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New Delhi, Nov 18: India-Pakistan relations are “chronically accident-prone”, says former External Affairs Minister K. Natwar Singh, who feels that the future lies in the past as the two countries carry too much baggage. He says Pakistan’s one-point programme is Kashmir but there is “Kashmir fatigue” in the world.
Singh, 87, also says that India made a fundamental mistake by going to the United Nations on the Kashmir issue and asserted there is no solution to it “as everything has been tried”.
“The fundamental mistake was to go to the UN on the Kashmir issue. (Prime Minister) Jawaharlal Nehru was pushed into it by (Governor General) Mountbatten. We went to the UN under Chapter 6, which is on disputes. We should have gone under chapter 7 which is on aggression,” Natwar Singh told IANS in an interview.
He said every Indian Prime minister and Foreign Minister thinks he can resolve the Kashmir issue and smoothen Indo-Pak relations.
“The fact is there is no solution for Kashmir, everything has been tried. The other fact is that Indo-Pak relations are chronically accident prone. The future of Indo-Pak relations lies in the past. Both countries carry too much baggage… I don’t see any change in our relationship. It is cheese and chalk… as simple as that. It’s a great pity,” he said.
India had in September this year called off a meeting between the foreign ministers of two countries on the sidelines of UN General Assembly after the killing of forces’ personnel in Jammu and Kashmir by militants.
India and Pakistan have not had a composite or sustained dialogue for the past 10 years to solve outstanding issues, including Kashmir, though there have been some interactions between their leaders.
India had called off the composite dialogue process within days of the Mumbai attacks of November 2008 and has repeatedly said that “terrorism emanating from Pakistani soil remains a hurdle to its resumption.”
In 2015, the two countries agreed to launch a “comprehensive dialogue” but it was junked following the attack on the Pathankot air base.
Natwar Singh said nothing significant should be expected from meetings between leaders of two countries.
“What could they talk? You can’t give an inch, they can’t give an inch. You meet and shake hands but there is nothing substantial. As I said, we have all tried. It is not realistic because if we really became very close friends, there will be question mark on the existence of the country.”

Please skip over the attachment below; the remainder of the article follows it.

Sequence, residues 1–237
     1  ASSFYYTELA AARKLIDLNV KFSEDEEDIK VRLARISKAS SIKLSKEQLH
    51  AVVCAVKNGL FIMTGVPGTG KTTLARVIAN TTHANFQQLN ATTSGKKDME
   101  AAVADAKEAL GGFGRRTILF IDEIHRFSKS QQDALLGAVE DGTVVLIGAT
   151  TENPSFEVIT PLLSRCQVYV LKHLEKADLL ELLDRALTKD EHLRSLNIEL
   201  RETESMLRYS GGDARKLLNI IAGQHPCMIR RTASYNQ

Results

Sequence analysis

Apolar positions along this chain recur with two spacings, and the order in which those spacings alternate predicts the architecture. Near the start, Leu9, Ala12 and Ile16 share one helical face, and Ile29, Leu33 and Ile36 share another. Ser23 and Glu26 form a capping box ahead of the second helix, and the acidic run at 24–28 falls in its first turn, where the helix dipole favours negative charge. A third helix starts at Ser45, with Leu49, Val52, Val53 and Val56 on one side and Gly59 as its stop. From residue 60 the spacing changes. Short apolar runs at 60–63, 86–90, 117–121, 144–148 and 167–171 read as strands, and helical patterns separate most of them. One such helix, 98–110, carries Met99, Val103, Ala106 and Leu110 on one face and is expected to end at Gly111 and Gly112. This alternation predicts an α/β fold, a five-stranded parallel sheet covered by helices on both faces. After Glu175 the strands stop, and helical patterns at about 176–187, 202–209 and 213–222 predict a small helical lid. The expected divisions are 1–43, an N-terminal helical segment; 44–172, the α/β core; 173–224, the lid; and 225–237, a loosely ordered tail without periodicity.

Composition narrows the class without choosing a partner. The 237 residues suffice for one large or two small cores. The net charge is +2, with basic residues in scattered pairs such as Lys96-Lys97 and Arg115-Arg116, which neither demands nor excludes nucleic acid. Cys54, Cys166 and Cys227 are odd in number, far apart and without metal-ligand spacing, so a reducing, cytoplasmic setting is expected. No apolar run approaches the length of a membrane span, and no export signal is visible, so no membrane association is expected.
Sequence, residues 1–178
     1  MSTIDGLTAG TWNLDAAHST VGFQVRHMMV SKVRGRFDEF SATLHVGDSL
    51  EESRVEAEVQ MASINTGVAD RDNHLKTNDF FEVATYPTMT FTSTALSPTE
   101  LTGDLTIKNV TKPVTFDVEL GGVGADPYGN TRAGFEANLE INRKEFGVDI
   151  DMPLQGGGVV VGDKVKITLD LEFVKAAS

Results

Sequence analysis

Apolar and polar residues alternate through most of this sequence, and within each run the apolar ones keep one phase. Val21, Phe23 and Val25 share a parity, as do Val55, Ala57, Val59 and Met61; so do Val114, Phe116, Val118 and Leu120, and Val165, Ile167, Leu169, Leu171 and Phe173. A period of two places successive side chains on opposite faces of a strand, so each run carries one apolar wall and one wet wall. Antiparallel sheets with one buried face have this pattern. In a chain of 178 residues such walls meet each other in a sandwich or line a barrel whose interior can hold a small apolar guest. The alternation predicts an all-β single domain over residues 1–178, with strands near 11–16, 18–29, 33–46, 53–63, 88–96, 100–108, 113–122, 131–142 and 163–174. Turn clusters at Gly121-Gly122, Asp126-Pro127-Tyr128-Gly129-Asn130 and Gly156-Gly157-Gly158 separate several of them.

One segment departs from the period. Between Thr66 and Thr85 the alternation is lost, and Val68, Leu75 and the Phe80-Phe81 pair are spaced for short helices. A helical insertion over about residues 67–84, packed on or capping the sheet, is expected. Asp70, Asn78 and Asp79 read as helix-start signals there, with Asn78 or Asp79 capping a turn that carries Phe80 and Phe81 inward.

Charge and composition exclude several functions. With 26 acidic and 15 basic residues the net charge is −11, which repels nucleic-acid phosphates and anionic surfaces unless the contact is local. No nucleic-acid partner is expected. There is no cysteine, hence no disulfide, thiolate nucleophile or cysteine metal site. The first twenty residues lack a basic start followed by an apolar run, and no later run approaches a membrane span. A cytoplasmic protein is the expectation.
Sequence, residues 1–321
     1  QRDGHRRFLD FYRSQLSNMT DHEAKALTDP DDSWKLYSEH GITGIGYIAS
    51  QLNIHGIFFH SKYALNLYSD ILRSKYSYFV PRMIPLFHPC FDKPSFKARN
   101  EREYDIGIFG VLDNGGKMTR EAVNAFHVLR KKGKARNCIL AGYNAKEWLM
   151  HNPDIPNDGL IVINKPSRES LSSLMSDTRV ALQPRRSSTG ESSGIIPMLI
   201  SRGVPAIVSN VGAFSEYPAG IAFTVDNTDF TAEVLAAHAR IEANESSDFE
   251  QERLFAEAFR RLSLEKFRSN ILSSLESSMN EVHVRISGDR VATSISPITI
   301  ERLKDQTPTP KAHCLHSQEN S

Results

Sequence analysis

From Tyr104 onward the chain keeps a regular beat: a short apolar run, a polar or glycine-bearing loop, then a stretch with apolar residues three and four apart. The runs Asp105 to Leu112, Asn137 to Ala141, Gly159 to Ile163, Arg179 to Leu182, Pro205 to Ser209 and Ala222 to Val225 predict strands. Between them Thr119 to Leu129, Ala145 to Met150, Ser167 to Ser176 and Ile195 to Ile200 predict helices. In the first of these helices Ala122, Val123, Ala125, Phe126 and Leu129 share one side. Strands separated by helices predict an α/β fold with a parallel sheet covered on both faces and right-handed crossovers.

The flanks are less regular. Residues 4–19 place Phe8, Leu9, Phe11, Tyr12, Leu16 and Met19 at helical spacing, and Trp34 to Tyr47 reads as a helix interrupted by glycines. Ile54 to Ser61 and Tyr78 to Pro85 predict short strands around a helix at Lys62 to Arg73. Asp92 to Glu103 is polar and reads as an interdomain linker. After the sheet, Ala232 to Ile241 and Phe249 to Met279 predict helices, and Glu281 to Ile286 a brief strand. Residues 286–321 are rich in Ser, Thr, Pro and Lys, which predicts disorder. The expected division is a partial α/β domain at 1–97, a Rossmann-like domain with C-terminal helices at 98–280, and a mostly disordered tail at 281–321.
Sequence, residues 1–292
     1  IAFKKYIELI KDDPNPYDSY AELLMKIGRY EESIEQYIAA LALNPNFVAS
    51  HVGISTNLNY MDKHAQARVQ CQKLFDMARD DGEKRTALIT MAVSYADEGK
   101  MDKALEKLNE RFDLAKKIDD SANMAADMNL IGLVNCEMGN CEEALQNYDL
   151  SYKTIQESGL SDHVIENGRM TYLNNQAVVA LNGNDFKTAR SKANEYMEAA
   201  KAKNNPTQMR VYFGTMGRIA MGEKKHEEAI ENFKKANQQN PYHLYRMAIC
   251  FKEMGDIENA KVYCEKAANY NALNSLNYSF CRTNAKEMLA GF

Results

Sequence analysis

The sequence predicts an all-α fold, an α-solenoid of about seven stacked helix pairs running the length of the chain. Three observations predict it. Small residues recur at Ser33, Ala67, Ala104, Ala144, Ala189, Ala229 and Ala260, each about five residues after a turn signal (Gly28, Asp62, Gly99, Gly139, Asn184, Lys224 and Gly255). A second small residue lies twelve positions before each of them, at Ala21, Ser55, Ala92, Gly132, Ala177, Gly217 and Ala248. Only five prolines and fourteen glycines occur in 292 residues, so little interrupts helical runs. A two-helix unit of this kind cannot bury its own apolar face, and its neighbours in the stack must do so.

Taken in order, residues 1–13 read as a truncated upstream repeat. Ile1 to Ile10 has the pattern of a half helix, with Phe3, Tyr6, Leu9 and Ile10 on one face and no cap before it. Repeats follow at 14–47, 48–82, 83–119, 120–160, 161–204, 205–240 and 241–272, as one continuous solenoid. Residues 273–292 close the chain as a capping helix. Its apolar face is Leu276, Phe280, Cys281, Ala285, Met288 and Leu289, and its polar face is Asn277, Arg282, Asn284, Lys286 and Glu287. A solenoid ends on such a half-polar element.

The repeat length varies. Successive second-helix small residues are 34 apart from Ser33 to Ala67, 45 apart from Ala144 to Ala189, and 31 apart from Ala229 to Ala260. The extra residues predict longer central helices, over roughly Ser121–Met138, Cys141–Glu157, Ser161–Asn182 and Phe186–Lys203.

Natwar Singh said Pakistan’s one-point programme is Kashmir, but there is “Kashmir fatigue” in the world.
“You go to any part of Pakistan, this is a subject. You go to Chennai, nobody speaks of Kashmir. Their diplomats are really brilliant but they spend so much of their time on Kashmir. There is Kashmir fatigue in the world. We must accept the fact that it is the Army that calls the shots (in Pakistan).”
Asked about the way forward in India-Pakistan relations, Natwar Singh, whose last diplomatic posting was as India’s envoy to Pakistan and then Secretary in the Ministry of External Affairs, said that status quo would continue.
“If Indo-Pak relations genuinely improve, became cordial and friendly, then the people of Pakistan will ask why do we need such a large army? The army is not going to give up. And the retired officers have a foundation — Fauji Foundation — in which all have shares, they have land, property, industry and everything.”
He said the Army “was an industry” in Pakistan. “Since the assassination of Liauqat Ali Khan (Pakistan’s first Prime Minister) when there has been a civilian government, it is the army that has called the shots.”
“(Zulfikar Ali) Bhutto tried to challenge (this). He put Zia-ul-Haq (as Army chief) whom he thought was a non-entity. Zia hanged him,” Singh said.
Referring to the present Pakistani Prime Minister, Imran Khan, Natwar Singh said that the cricketer-turned-politician is a nice man and is popular.
“But the moment he tries to take an initiative, which is not acceptable to the army, he will be out. We have to accept what is, that’s all.